For spring plantings, wait until the soil has warmed up to at least 60°F (15°C), and there’s minimal risk of frost.

Where To Plant Lavender

Though lavender isn’t picky about its soil quality, it prefers full sun and slightly alkaline growing conditions (a pH around 7.0 is ideal). Plants in hot climates will appreciate afternoon shade.

As they are used to the arid Mediterranean, lavender roots can’t tolerate excess water in the soil and will quickly start to rot if they stay wet. If your soil is clay or otherwise compacted, consider adding coarse sand and organic material to improve drainage and make it more workable.

You can also dig a half-foot deeper than the root ball and fill the bottom of the hole with gravel. Or, skip improving your soil altogether by planting lavender in raised beds or pots.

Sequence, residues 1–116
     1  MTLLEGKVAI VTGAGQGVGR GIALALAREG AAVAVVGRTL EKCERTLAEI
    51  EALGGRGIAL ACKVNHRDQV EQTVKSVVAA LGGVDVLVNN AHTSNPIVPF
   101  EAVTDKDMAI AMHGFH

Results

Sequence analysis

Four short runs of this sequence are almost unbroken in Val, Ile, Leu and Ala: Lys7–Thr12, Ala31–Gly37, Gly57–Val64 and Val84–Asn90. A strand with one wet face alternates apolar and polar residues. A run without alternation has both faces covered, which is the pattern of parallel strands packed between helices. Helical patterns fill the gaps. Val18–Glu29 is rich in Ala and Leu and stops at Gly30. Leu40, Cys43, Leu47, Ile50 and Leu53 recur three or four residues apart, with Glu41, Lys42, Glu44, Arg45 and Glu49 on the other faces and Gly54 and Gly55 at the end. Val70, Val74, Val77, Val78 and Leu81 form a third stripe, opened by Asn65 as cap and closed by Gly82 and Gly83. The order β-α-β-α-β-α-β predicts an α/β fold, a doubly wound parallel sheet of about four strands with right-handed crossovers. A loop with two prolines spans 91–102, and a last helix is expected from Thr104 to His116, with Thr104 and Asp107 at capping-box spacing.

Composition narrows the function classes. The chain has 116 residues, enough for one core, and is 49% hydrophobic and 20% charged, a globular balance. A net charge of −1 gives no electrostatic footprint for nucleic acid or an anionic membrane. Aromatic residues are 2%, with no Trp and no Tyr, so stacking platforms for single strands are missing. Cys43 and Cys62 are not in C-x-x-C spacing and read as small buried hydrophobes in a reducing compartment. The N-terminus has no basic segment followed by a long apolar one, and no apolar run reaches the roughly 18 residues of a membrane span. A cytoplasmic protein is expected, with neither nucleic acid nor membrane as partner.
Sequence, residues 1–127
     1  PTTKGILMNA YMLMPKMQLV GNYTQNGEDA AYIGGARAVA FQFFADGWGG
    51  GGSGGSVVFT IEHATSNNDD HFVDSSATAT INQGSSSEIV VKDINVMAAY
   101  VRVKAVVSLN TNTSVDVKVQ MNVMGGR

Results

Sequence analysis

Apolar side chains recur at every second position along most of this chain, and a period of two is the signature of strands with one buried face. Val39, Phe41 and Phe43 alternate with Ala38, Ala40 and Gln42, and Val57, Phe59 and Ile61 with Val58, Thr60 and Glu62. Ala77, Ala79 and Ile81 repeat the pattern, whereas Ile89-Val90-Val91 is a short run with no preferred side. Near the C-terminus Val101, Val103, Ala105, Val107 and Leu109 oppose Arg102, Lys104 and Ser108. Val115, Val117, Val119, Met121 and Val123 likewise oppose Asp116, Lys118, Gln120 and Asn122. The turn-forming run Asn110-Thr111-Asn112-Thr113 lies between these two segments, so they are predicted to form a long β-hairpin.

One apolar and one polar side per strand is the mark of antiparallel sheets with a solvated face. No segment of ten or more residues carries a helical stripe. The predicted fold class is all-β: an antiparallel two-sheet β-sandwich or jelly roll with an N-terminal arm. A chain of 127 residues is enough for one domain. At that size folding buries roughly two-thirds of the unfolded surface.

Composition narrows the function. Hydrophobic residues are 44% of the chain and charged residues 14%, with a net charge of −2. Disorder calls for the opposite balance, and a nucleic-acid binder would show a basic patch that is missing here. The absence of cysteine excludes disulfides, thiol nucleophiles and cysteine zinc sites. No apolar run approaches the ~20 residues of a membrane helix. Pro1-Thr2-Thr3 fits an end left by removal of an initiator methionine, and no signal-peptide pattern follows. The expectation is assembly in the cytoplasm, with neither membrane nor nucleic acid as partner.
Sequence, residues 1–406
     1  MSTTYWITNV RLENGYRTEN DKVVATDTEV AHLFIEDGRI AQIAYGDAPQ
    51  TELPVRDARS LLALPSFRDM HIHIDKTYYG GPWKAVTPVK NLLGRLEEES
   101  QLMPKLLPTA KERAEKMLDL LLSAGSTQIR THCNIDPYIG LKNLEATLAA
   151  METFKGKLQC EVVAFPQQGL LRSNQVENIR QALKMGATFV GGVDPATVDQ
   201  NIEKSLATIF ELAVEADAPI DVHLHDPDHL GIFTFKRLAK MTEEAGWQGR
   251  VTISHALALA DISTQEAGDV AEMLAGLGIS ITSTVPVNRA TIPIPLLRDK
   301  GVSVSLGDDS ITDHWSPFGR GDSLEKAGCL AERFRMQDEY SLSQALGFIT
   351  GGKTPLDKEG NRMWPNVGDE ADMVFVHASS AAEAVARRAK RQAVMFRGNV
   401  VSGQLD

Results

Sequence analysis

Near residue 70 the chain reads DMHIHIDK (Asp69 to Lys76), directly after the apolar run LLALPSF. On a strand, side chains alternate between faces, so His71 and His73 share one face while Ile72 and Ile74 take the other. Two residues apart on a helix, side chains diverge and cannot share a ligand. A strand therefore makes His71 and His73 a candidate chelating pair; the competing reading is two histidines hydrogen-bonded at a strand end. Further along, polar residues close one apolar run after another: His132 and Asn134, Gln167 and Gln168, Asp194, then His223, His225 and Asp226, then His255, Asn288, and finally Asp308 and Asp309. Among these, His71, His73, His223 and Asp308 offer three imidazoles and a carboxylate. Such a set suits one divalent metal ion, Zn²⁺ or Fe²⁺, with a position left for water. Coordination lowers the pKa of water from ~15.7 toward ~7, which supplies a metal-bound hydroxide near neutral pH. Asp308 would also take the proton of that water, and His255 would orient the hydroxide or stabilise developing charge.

Small lavender seedlings growing in several pots.

How to Plant Lavender

No matter what size plants you start with, it’s best to space lavender plants two to three feet apart. This will give them plenty of room to reach a total size between one and three feet tall. Smaller varieties, such as Royal Crown, need less space.

Make sure you allow for good airflow between plants, especially in southern regions with high humidity.

You can see someone's arms as they place a lavender plant in a hole in the ground. The sun is shining, the dirt is hard packed and dry. The empty nursery pot sits to the left. The person is wearing yellow knit gardening gloves.